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The Lake of Alba

IT is curious to observe the ignorance of the ancients in natural causes. This ignorance has been the fertile source of many strange tales being recorded in their histories; to which a more intimate knowledge with natural philosophy might have afforded a very easy solution. The following may serve as an instance:

The lake that was near the ancient town of Alba had something in it which appeared extraordinary; although it had its source in itself, and its waters were no where diffused, because surrounded with mountains, it sometimes swelled prodigiously, even in the drier seasons, and was raised often to the height of those mountains which served for its barriers, and all this without any appearance of wind or other agitation. The swell of this lake was so great at the time the Romans besieged Veia, that it occasioned one of the hills to give way, and inundated the neighbouring lands. The Romans, on the word of an old man who had deserted Veia, sent to consult the oracle of Delphos, because he had assured them, that the fate of the town depended on the inundation. The priestess, it appears, was very much embarrassed by this embassy, and gave for answer, that they must force the water to return into the lake, or raise trenches to hinder it from falling into the sea; this the superstitious Romans performed, as well as they could.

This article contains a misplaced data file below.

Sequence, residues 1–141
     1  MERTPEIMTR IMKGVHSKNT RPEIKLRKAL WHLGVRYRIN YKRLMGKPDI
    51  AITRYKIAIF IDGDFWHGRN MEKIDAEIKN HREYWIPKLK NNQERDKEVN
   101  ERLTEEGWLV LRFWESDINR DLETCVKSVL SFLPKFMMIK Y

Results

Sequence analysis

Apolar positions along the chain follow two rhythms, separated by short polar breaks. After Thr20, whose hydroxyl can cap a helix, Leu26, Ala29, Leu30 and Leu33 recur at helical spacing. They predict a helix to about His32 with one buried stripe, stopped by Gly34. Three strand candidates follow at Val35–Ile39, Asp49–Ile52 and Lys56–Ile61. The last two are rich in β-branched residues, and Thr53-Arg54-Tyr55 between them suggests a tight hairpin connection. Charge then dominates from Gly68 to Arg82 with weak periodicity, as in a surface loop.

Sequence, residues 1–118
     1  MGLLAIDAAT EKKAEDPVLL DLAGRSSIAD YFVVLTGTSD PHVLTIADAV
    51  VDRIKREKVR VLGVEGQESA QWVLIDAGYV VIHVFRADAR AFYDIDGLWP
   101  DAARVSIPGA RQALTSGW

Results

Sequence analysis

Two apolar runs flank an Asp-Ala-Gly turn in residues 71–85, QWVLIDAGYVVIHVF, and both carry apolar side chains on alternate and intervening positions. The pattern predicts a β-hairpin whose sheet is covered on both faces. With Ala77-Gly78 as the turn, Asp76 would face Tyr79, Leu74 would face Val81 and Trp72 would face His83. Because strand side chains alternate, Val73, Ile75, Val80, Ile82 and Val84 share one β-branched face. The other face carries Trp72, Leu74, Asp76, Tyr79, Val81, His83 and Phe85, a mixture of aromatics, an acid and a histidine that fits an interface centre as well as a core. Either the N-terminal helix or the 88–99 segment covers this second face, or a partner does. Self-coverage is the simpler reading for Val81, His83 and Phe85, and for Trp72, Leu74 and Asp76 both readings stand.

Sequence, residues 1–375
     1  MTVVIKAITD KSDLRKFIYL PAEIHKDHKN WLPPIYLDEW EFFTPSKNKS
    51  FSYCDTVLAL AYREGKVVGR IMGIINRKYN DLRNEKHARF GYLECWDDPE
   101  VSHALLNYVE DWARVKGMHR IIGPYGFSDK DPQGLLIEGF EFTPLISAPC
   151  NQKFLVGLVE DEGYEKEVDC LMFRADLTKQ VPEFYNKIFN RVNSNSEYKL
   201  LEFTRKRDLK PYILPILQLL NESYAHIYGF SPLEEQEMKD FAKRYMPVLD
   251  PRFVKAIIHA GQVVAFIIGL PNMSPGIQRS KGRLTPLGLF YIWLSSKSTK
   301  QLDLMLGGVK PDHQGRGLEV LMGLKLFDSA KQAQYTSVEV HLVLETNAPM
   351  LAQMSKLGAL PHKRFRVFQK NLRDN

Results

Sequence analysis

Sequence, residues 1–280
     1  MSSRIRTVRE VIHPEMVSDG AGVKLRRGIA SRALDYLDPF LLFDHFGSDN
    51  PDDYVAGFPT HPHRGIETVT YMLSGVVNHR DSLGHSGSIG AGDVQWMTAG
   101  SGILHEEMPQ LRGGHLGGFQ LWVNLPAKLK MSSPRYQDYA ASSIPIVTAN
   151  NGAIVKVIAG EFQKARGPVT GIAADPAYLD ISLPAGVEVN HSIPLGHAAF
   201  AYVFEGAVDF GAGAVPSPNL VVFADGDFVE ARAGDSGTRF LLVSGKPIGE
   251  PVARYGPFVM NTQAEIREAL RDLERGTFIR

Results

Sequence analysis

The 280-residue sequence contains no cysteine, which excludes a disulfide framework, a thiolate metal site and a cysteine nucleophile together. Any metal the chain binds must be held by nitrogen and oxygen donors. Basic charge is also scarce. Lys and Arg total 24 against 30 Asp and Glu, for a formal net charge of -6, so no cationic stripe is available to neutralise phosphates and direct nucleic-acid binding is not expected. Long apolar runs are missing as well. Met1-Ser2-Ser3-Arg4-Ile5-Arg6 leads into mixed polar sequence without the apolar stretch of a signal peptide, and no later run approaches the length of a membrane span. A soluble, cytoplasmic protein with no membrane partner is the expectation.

This priestess knew but little of physics. It hardly admits a doubt (observes Marville) but that this place, as well as many others in Italy, abounded with sulphur and salt-petre; these inflammables occasion the eruptions of volcanoes; and it is reasonable to believe that it was the same cause which elevated to so prodigious a height the waters of the lake of Alba. Certainly, the Gods did not interfere in the accident, no more than they inspired the Delphian oracle!